The Bible maintains that we "reap what we sow." This wisdom is ever so true when investing money and time towards the research and acquisition of sound, lighting, and video equipment. Purchasing low-quality gear to save money or making decisions without adequate knowledge can lead to a future of Sunday morning frustrations.
With this in mind, today's portable church is especially susceptible to making unsound audio-visual purchases based on lack of funds and experience. To help church leaders navigate an oftentimes perplexing venture into the technical side of portability, Worship Facilities Magazine gathered advice from a collection of top tech professionals.
Audio Video Systems Designer and Integrator Bob Owens with Owens AV Design, located in Orlando, Florida, defines the typical portable church client. "Most of the time we see pastors who are starting out with a small congregation of one to 150 people trying to grow to a church of about 500 people. At that point they can realistically afford through donations to pay for a building," he says.
Pastors soon discover that the possible settings for a portable church these days are quite colorful. You might find a church gathering just about anywhereschools, movie theatres, bowling alleys, malls, fast food restaurantsthe list goes on. What these diverse locations have in common is their lack of permanently installed gear to meet the church's sound and visual needs.
Advances in technology, especially the availability of digital equipment, allows for a wide array of solutions to outfit any venue, even on a modest budget.
Acoustics Comes First
Worship Pastor Joel Close knows portable churches. His own church, Lifepointe Church in Raleigh, North Carolina, has been portable for four years now. Just recently, in February of 2008, an additional portable site was established. His primary recommendation for those establishing a portable venue is to investigate how the acoustical characteristics of a room will affect your style of worship.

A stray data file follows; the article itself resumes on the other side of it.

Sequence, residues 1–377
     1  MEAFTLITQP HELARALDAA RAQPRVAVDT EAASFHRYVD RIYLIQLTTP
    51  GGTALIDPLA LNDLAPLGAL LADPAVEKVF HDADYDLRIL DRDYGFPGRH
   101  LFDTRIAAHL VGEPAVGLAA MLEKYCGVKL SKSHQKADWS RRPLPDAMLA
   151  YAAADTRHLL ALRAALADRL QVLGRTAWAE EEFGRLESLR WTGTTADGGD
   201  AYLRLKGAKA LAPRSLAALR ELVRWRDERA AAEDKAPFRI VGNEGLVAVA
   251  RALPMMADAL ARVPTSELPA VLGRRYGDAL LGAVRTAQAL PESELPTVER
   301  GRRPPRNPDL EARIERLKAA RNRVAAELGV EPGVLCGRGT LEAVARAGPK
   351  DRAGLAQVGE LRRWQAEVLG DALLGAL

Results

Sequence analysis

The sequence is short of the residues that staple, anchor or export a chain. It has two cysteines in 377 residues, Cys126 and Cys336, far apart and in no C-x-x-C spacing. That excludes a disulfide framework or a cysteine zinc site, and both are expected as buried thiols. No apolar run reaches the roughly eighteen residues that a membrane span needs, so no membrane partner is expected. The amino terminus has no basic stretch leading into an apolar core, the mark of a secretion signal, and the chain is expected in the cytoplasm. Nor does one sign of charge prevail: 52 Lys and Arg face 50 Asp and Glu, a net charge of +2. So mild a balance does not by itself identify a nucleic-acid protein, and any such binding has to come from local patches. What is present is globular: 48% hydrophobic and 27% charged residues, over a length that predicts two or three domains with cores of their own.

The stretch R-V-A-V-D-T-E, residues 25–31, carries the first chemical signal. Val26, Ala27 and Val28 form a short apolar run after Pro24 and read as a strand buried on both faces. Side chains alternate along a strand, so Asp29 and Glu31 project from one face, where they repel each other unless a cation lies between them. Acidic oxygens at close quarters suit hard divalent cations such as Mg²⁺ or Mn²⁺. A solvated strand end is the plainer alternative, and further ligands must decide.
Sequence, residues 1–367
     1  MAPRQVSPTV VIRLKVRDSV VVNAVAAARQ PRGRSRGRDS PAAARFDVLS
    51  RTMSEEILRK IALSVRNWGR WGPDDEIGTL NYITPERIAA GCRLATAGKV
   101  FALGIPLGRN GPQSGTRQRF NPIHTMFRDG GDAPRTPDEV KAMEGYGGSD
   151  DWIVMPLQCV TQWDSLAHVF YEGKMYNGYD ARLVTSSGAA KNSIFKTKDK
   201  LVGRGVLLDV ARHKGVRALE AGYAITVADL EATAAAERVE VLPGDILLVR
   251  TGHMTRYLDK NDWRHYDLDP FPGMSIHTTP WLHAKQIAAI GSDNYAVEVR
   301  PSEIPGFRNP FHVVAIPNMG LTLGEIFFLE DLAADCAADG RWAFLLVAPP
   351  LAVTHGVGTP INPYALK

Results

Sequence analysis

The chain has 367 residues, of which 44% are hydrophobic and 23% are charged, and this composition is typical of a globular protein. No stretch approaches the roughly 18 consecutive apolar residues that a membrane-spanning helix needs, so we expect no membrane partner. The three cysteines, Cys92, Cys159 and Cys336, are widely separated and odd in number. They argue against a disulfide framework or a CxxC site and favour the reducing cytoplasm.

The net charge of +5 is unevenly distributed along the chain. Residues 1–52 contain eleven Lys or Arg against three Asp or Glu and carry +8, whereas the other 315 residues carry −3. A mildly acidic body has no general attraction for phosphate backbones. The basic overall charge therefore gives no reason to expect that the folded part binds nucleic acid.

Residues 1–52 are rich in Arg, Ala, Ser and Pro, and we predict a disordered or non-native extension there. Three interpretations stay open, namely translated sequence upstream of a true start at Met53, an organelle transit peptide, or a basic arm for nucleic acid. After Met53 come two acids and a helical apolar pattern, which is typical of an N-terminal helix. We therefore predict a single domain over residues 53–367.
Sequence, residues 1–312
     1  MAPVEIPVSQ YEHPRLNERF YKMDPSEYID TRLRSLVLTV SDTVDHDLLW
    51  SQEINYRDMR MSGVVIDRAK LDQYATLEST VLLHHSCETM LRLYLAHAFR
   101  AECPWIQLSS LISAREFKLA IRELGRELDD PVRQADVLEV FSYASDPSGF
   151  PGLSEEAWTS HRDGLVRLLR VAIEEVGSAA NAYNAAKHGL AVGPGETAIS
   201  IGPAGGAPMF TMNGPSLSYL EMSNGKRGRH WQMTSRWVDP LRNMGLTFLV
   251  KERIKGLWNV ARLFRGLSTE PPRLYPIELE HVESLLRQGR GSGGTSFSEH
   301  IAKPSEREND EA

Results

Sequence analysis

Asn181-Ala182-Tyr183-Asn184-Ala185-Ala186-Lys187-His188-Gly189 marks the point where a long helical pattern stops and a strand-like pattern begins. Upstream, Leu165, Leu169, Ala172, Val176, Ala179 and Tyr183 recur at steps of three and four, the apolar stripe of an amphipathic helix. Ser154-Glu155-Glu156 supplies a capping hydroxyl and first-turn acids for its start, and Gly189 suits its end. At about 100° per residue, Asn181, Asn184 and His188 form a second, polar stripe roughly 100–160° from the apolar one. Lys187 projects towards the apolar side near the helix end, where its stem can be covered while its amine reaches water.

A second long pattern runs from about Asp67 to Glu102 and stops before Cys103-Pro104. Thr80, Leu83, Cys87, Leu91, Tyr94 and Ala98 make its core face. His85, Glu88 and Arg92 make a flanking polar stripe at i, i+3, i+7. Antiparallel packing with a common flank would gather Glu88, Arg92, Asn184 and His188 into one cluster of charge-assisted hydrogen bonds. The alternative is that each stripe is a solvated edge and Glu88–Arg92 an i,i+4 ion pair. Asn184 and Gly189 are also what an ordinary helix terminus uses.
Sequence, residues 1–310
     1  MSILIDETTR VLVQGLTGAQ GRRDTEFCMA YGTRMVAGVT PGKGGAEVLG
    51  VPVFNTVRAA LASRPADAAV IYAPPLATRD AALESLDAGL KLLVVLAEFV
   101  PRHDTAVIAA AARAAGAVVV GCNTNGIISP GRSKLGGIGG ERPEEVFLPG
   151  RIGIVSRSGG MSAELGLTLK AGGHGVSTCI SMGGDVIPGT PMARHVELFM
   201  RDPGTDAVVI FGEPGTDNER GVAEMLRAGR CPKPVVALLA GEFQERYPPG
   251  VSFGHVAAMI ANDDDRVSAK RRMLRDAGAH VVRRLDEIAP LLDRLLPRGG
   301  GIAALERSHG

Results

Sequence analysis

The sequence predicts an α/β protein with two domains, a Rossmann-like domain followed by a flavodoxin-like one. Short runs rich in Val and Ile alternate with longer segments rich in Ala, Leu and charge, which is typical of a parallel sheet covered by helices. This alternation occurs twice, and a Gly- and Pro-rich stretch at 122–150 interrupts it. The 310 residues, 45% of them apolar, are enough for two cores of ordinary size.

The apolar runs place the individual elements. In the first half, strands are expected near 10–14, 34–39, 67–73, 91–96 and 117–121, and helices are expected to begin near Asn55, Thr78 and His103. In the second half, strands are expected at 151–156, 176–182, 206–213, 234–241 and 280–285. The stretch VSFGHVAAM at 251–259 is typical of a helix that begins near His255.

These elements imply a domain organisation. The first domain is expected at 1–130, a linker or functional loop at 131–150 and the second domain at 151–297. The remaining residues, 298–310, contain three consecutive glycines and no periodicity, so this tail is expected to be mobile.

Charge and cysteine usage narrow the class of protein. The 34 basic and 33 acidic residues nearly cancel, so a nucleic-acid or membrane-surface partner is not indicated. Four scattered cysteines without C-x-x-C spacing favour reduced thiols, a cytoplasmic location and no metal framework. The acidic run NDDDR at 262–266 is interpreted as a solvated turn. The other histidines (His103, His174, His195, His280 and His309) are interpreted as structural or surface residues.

"Before anything else you need to adequately understand the acoustics of the room you will be worshipping in. For example, if you are going to use drums, can they be live drums or will you need to go digital? Will you be able to add acoustical panels to the room if necessary?" asks Close, who warns, "Things can get too loud in a heartbeat where you can't control anything. Equipment costs a lot of money, so before buying it see if you can borrow it for a demo before you make purchases. With a church plant, finances are an issue and you want to do things for less and [do them] right the first time."
Power is another prime consideration; before deciding on a facility, make certain that you have enough "juice" to run your gear. With the majority of churches running both audio and lighting, a check on the electrical load of your expected gear must first be determined. Also, in advance of signing contracts, see if allowances are available to put in additional power.
John Schauer, an expert in live sound for churches and product manager for the Live Sound Department at Yamaha Corporation of America of Buena Park, California, explains a good starting rule of thumb: "Plan on at least one watt per person. If the system is for full range music, double this number. When in doubtmore power is always better."
According to Schauer, every performance space is different, but by following these two basic rules you can be assured the audience will hear the service.
"The closer you place the microphone(s) to the source, the more gain, or volume you can get from your system before feedback (or ringing) will occur. And, the closer you place your loudspeakers to the audience, the more effective the overall system will be." Also, maximize your sound investment by placing your speakers on stands where their ability to project into the audience is enhanced.
Schauer endorses Yamaha's portable systems the STAGEPAS 300 and STAGEPAS 500. "Both are all-inclusive sound systems. All the user needs to do is connect with his or her microphones or instruments and they are ready to go," he says. Speaking of microphonesSchauer stresses the importance of using the right mic for the job. "Don't expect that a handheld vocal microphone will work as a piano microphone. Most manufacturers have the applications listed for each of the mic models they offer," explains Schauer.